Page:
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Epigenetics and mental retardation

The classic DNA double helix spools around clusters of proteins called histones, whose antenna-like “tails” control access to different genes, extending the genetic code. Now, a team led by Yang Shi, PhD, in the Division of Newborn Medicine, shows that an enzyme that alters histones, known as a histone demethylase, may be a key player in a form of X-linked mental retardation affecting boys.

The genetic mutation behind the disorder, which also causes craniofacial defects, impairs this enzyme’s function. Modeling the disease in zebrafish, Shi and colleagues show that the enzyme normally works with a genetic partner to keep cells alive during brain development. When it’s mutated, the enzyme can’t sustain the gene’s activity. Brain cells die, and the fish are born without jaws.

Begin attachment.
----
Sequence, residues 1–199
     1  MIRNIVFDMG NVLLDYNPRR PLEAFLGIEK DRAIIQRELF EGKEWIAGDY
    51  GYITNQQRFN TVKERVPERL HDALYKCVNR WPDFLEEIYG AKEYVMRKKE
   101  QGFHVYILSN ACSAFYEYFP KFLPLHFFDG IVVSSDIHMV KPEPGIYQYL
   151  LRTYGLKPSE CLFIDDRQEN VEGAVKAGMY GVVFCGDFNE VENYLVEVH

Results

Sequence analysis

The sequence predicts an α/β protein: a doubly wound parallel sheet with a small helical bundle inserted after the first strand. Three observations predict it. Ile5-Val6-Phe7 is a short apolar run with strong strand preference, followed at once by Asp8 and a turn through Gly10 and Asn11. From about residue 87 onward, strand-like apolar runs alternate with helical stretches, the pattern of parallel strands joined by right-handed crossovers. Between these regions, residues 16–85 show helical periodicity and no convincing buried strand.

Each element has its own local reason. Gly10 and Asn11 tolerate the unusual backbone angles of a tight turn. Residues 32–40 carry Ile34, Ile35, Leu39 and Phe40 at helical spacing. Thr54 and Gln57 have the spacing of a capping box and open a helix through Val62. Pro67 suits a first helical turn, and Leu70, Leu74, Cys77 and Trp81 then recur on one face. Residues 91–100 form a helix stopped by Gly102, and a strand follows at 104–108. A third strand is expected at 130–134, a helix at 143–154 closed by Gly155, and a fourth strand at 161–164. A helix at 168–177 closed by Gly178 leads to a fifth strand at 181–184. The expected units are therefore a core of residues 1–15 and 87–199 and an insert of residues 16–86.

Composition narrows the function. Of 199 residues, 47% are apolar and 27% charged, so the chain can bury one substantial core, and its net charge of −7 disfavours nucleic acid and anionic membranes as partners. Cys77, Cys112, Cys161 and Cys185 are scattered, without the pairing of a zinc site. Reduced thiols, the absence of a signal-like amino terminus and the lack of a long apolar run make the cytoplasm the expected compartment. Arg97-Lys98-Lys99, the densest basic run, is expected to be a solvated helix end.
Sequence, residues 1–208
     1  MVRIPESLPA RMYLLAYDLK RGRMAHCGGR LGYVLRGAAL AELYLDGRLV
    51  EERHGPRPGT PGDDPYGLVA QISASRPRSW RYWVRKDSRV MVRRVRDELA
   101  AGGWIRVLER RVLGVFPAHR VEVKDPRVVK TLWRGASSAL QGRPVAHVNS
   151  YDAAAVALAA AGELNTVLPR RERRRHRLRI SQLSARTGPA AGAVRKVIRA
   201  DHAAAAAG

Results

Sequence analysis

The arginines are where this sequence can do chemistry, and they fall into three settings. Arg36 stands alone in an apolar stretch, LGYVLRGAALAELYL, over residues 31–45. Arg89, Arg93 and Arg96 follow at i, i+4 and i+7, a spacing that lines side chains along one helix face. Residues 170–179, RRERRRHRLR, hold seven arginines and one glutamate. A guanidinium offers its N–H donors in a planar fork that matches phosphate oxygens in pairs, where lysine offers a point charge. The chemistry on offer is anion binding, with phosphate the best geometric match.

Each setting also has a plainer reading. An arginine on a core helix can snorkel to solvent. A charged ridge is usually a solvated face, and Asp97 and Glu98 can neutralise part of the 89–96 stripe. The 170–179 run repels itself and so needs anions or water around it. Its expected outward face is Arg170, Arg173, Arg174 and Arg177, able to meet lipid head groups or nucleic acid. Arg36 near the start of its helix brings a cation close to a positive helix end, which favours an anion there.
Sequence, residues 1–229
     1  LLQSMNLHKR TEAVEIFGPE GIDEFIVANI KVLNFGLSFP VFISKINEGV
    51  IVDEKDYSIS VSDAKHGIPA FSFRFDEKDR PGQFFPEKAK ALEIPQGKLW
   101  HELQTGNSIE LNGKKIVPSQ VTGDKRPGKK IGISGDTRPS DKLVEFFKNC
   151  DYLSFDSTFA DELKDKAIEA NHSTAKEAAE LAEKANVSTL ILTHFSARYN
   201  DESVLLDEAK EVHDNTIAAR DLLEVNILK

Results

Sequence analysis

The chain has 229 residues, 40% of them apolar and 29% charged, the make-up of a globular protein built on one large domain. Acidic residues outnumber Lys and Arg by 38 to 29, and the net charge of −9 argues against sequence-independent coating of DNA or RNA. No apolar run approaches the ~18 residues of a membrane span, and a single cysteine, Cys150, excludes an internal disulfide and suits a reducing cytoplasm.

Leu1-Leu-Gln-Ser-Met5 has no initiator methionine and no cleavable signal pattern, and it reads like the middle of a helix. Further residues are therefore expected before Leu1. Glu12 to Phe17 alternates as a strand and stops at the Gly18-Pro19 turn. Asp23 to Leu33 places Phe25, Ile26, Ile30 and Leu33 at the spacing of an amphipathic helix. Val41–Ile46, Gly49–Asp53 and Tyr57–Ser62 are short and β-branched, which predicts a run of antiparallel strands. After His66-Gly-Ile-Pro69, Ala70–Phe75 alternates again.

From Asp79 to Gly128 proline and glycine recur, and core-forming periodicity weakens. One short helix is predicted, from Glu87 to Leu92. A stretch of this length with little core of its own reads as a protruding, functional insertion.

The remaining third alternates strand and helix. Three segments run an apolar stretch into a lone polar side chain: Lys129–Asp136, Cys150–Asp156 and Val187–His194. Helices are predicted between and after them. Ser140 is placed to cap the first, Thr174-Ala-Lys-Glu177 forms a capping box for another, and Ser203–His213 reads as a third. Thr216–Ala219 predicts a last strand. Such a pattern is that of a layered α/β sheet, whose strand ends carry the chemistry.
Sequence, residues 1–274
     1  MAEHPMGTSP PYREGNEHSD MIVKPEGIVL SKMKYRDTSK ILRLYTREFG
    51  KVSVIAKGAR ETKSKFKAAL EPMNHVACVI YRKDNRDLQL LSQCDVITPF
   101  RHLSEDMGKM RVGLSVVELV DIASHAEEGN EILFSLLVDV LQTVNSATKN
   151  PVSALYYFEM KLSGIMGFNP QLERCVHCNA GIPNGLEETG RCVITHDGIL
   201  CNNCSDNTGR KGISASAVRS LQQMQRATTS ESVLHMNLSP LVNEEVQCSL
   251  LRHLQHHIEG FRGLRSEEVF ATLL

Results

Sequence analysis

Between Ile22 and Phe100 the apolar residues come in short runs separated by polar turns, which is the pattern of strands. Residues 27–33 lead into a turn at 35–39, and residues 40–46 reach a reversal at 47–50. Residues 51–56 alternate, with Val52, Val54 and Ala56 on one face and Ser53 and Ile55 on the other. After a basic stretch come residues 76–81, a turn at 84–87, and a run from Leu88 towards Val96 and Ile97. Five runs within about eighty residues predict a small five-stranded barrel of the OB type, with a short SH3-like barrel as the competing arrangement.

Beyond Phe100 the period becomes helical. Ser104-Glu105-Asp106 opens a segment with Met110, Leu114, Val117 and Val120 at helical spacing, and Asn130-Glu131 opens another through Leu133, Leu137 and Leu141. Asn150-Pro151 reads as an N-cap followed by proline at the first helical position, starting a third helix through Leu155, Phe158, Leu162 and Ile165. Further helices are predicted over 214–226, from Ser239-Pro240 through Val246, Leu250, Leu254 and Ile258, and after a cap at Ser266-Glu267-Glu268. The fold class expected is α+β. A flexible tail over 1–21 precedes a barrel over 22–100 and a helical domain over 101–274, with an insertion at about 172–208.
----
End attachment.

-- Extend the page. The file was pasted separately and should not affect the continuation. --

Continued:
When the enzyme’s activity was restored, brain cells survived and jaws were normal. It’s hard to judge a fish’s intelligence, but the researchers speculate that targeting this enzyme might also reverse cognitive impairment in X-linked mental retardation. (Nature online, July 11)

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